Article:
From July to October 1999, 291 MSM enrolled in the Vax004 trial at 3 Canadian sites (105 in Vancouver, 99 in Montreal and 87 in Toronto). The median age of participants was 37 years, and most had received some college education (). Significant differences were observed across sites with respect to participants' level of education, reasons for joining the study and recent recreational drug use; as well, site-specific differences were observed with respect to recent diagnosis of STDs and percentage of men reporting sexual relations during the 6 months before enrolment with HIV-positive, HIV-negative and status-unknown partners. Among men who had an HIV-positive or status-unknown partner, the percentage engaging in unprotected receptive anal intercourse with each type of partner was not materially different across sites (site-specific data available from the authors upon request).
During 18 months of follow-up, data for 11% of the men were censored because of seroconversion (n = 19) or because of withdrawal from the trial or loss to follow-up (n = 12). The number of men for whom data were censored before their 6-, 12- and 18-month follow-up visits were 6, 19 and 6, respectively. The percentage of men for whom data were censored at each site differed significantly (Montreal 2/99 [2%], Vancouver 12/105 [11%] and Toronto 17/87 [20%], p < 0.001). Compared with the matched controls (who remained HIV-1 seronegative), MSM for whom data were censored were more likely to report recreational use of amphetamines (), as well as unprotected sex with HIV-positive and status-unknown partners during the 6 months before their enrolment and greater numbers of HIV-positive partners ().
At enrolment, 61 (21%) of the 291 men reported having engaged in unprotected receptive anal intercourse during the previous 6 months with partners whose HIV-1 status was positive or unknown. The prevalence of this behaviour at the 6-, 12- and 18-month follow-up visits was 20%, 20% and 18%, respectively, using the most conservative assumption (that men with censored or missing data had engaged in risky behaviour); the matched-pair odds ratios indicated no significant change in participants' behaviour from baseline to any of these time points (). Furthermore, we did not observe any change in this behaviour among subgroups of participants who did and did not report a motivation to enter the trial for protection from HIV-1 infection, a belief that they had received the vaccine, a belief that vaccine efficacy was greater than 50%, or a belief that they had received vaccine and that vaccine efficacy was greater than 50% (data not shown).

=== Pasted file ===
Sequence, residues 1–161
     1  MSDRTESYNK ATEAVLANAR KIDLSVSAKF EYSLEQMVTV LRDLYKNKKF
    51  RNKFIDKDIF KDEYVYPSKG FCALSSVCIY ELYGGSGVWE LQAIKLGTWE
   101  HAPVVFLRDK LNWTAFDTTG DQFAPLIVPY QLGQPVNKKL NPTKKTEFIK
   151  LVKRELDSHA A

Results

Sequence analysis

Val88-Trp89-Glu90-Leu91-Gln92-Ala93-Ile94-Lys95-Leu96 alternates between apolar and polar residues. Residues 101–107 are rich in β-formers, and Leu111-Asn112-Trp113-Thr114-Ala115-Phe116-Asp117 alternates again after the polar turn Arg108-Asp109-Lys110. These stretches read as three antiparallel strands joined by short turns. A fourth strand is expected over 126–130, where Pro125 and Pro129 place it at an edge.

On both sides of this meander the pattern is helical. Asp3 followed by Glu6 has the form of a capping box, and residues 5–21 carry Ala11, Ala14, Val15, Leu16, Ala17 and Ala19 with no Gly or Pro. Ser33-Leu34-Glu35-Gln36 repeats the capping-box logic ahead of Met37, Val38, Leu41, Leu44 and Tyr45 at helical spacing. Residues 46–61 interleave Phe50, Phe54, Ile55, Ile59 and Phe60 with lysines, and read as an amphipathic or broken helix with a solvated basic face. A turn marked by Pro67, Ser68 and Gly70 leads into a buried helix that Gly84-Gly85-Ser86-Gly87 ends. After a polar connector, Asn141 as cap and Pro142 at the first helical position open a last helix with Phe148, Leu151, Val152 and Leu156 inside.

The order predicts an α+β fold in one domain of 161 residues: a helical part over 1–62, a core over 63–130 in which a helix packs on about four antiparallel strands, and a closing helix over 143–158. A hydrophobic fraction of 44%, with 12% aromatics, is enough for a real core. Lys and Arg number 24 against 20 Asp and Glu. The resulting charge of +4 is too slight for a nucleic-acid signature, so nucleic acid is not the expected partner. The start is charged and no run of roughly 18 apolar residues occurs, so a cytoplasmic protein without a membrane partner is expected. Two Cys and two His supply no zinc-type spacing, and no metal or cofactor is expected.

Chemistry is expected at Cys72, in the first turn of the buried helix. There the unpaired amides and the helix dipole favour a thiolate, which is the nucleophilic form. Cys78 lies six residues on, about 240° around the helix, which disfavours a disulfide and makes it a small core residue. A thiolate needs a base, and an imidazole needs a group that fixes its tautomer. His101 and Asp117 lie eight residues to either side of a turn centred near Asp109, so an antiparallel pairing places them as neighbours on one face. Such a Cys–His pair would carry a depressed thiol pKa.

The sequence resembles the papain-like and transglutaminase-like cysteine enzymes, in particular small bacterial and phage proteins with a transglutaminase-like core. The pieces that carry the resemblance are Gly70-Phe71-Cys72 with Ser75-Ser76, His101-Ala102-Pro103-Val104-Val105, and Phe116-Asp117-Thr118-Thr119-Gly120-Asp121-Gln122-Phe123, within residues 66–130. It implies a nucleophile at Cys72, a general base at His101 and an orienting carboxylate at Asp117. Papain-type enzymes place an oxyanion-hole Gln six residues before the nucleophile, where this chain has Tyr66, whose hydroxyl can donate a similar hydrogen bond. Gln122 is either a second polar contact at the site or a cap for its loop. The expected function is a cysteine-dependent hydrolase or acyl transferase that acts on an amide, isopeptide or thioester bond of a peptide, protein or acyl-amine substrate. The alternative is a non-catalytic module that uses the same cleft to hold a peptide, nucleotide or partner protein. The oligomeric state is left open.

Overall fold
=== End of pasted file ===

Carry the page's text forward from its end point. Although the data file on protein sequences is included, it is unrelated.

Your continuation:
The cumulative percentage of men reporting unprotected receptive anal intercourse with an HIV-positive or status-unknown partner at any point during 18 months of follow-up was 27%. The cumulative probability of engaging in this behaviour at any point during 18 months of follow-up was not significantly greater among men who reported being motivated to enrol in the trial for protection from HIV-1 infection, those who believed they had received vaccine, those who believed that vaccine efficacy was greater than 50%, or those who believed that they had received the vaccine and that vaccine efficacy was greater than 50% (). The cumulative percentage of men who reported unprotected receptive anal intercourse with any partner at any point during follow-up was 40%; 13% of men reportedly engaged in this behaviour with HIV-negative partners only, 14% with HIV-positive or status-unknown partners only, and 13% with both HIV-negative and HIV-positive or status-unknown partners. With regard to the latter group, we did not assess the temporal ordering of such encounters.